- Author: Leigh Taylor Johnson
Latitude affects boat hull cleaning schedules. It is more important than season of the year.
We asked 23 Californian and 4 Mexican in-water hull cleaners how often they cleaned boat hulls with copper antifouling paint. We expected that seasons would have a big influence. Instead, geography was the most important factor.
The most common hull cleaning frequencies year-round were: 1 time per three-month season in the San Francisco Bay area and Central Coast; 3 times per season in the South Coast and San Diego area; and 4 times per season in Mexico (Baja California peninsula).
Hull cleaning before departing and returning is important for preventing transport of aquatic invasive species along our coastline.
For more economic survey results on hull cleaning and boat repair services along the California and Baja California coasts, see our report, "Crossing Boundaries: Managing Invasive Species and Water Quality Risks for Coastal Boat Hulls in California and Baja California." It’s available for download from the publications page of our Coastal Resources website.
- Author: Leigh Taylor Johnson
- Author: Michelle Lande
- Designer: Ryan Krason
In a recent survey of California and Baja California marinas, we asked where their overnight visitors were coming from and why they traveled. “Have hull, will go!” sums up the boating action along our coast.
Northern California boaters visited the Delta and Central Coast most often; Southern California was in third place. Delta and Central Coast boaters travelled most heavily to the San Francisco Bay area and Southern California was ranked second. Southern California boaters visited Baja California and Baja California Sur most often; the San Francisco Bay area came in third. A few boats from mainland Mexico travelled to Los Cabos and La Paz in Baja California Sur.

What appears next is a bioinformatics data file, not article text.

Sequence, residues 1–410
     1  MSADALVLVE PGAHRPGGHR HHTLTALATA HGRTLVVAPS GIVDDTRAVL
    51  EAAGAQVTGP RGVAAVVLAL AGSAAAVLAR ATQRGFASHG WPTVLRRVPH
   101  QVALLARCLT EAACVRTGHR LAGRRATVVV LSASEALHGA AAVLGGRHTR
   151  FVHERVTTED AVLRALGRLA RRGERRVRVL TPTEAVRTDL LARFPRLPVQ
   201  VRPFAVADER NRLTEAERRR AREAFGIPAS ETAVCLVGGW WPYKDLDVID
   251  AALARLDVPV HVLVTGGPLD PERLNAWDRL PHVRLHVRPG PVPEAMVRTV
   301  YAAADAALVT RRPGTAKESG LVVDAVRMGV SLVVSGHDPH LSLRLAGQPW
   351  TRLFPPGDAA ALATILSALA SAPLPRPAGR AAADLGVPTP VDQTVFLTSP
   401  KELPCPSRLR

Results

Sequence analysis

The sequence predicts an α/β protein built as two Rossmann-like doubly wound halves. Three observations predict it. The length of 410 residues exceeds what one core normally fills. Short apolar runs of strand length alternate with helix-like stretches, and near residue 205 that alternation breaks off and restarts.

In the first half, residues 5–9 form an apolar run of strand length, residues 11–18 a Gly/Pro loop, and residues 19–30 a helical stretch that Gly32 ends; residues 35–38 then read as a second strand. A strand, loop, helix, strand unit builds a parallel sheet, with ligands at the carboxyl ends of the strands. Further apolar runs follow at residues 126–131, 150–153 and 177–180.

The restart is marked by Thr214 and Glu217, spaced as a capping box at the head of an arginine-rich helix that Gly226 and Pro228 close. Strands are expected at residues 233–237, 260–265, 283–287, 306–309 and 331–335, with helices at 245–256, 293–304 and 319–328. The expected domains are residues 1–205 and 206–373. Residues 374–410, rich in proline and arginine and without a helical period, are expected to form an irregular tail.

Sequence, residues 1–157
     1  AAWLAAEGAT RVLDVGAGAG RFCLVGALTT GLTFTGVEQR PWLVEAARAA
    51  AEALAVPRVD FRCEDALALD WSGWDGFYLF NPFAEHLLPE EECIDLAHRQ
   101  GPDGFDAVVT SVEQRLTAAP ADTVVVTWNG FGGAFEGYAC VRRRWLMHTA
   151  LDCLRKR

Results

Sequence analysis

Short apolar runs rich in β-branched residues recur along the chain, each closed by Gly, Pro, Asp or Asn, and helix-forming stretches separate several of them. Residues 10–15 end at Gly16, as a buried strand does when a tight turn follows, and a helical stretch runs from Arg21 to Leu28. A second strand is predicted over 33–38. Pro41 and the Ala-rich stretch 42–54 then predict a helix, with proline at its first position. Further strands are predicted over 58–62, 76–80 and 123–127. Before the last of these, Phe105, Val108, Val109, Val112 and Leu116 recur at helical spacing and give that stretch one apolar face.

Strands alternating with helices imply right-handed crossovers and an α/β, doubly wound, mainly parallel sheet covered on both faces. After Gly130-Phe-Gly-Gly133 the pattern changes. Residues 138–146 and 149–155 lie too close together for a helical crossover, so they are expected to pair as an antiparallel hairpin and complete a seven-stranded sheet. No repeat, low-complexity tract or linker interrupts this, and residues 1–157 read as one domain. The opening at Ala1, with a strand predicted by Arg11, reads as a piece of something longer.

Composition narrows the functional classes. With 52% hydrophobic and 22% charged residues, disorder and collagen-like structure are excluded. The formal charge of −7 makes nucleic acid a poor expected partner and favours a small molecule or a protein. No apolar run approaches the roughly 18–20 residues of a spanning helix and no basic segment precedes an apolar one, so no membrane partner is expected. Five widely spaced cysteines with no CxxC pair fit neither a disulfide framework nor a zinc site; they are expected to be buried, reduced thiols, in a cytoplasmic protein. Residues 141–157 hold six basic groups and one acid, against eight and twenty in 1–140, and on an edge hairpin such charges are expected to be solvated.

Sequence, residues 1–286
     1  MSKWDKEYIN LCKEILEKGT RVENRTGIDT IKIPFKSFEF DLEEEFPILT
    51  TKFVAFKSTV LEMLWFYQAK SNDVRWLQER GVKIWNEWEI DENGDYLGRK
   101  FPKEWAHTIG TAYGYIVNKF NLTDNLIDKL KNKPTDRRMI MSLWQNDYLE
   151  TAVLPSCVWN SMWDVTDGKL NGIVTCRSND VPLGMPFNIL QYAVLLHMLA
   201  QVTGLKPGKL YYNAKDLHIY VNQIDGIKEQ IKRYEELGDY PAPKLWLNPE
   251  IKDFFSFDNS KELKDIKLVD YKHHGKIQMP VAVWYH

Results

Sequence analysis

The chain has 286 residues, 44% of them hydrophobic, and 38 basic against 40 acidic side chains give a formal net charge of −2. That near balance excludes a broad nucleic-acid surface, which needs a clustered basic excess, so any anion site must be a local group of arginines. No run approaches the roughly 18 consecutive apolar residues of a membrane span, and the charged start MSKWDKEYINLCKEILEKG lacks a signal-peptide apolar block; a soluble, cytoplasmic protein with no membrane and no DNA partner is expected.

Vacations, holiday events, fishing tournaments and seasons, and boating races and other events encourage boaters to head out and about. The 4th of July, Fleet Week and the Baha Haha race (San Diego to Los Cabos and La Paz) brought large numbers of visitors from outside the local region. Other big draws were Memorial Day, Labor Day, local yacht club races, the Newport to Ensenada race, etc. Boaters stayed overnight for some events. Waypoint marinas for long-distance races reported that competitors stayed up to 4 nights and destination marinas reported stays up to 30 nights.
This is great news for California’s coastal economy. On the other hand, it increases risks of carrying invasive species to new areas. What can we do to reduce this downside risk of boater travel?
Events are a great opportunity to raise boater awareness of invasive species risks and ways to reduce them. For example, event organizers could include educational messages with registration confirmation, mass media, banners and other materials. They could encourage boaters to clean their boats’ hulls, bilges and bait tanks before leaving home and before returning to home regions to avoid carrying invasive species. Boat repair yards, hull cleaners and managers of harbors, marinas and yacht clubs could also educate boaters on these same points.
Our new logo, “CLEAN then CRUISE!” © 2012 Regents of the University of California below was created to remind boaters about this important step.
For more information on our survey of costs and availability of supplies and services for hull fouling control on the coasts of California and Baja California, see our new technical report, “Crossing Boundaries: Managing Invasive Species and Water Quality Risks for Coastal Boat Hulls in California and Baja California.” It’s available at: http://ucanr.org/sites/coast/